Sometimes drug-assisted detox is recommended. Several drugs like Benzodiazepines (Valium and Klonopin) can ease withdrawal symptoms. However, these drugs also have a potential for abuse. Medical detoxes use these pharmacological treatments, as well as psychological care, under close supervision. Medical detox can offer a safe way to detox while keeping you as comfortable as possible.
Withdrawal symptoms can be mild or very severe. The more intense the withdrawal symptoms, the more medical intervention may be required. In some cases, people withdrawing from opiates require hospitalization, as well as medications to treat symptoms. A commonly used medication for in-patient opiate detox is clonidine, which reduces the intensity of withdrawal symptoms by up to 75%. This medication is especially helpful at controlling muscle aches, cramps, restlessness, and anxiety.
Detox is considered a short-term stepping stone to help you achieve a stable recovery. It’s important to follow up detox with opiate addiction treatment to reduce the risk of relapse. While relapse may seem to offer a relief from cravings and withdrawal, relapse after detox can be especially dangerous. A period of not taking opioids can reduce tolerance levels to the drug and increase the risk of death due to overdose. Follow detox with counseling, therapy, support groups, and education to maintain your sobriety, well-being and peace of mind.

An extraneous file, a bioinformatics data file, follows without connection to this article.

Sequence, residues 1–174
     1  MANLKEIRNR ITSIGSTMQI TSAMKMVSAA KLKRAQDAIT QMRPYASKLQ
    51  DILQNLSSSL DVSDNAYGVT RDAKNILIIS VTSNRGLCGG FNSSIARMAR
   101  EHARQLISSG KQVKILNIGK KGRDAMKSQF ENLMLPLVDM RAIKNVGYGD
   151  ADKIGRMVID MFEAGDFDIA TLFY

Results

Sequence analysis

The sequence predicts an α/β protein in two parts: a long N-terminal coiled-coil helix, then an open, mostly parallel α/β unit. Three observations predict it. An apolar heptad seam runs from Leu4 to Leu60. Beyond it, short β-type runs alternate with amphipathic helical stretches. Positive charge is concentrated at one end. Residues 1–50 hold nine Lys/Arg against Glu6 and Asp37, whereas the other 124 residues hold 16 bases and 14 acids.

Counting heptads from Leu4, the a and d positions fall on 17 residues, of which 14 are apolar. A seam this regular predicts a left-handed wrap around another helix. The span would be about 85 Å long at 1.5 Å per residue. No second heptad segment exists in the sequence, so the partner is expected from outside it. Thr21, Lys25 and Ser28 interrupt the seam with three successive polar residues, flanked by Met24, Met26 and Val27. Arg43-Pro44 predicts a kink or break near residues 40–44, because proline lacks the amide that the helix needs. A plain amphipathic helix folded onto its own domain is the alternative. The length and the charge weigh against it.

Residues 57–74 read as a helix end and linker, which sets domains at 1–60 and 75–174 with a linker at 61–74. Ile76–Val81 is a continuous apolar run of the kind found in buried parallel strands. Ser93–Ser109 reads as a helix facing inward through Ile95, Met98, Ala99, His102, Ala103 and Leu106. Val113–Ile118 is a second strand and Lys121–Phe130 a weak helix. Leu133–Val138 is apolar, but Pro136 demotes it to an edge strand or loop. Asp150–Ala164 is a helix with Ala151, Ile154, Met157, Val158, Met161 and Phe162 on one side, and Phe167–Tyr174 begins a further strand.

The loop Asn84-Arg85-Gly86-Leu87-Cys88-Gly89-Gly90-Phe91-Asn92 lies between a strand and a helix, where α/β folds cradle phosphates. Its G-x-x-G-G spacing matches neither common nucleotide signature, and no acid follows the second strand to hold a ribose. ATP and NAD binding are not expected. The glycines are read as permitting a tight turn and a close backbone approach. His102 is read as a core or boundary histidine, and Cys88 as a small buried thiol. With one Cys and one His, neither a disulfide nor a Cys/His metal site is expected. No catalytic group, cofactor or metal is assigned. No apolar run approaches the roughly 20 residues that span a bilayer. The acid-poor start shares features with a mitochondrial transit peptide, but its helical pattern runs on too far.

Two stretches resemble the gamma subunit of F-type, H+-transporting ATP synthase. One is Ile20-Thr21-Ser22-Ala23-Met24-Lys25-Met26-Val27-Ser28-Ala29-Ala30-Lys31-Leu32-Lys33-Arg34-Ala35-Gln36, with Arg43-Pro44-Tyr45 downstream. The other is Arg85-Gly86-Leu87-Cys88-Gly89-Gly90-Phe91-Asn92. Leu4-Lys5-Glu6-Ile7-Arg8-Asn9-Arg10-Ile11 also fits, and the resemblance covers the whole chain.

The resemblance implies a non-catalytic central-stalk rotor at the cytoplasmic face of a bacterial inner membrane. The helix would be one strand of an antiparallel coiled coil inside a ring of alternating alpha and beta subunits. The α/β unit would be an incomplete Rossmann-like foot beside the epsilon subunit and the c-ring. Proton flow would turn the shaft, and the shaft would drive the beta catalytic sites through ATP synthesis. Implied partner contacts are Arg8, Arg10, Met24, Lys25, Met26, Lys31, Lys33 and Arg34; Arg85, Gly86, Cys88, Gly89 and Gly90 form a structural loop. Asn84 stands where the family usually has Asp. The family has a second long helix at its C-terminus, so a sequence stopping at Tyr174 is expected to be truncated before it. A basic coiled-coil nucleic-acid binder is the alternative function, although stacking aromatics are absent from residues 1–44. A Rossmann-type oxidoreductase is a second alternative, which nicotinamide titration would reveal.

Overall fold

Help Is Available
If you are afraid or confused about quitting opiates, you can always discuss your concerns with a doctor. Being addicted to opiates, whether or not they are legal, is not a crime and you will not be treated like a criminal for seeking help. You will face no legal repercussions from discussing addiction with a physician.
Getting help for your addiction doesn’t need to be embarrassing or frightening — addiction can happen to anyone. Seeking help can improve your health and reduce the risk of relapse and complications.
Once you make it through the week-long opiate withdrawal timeline process, the next step is seeking long-term treatment to develop strategies for keeping your cravings under control. This will set you on the right path to a brighter future!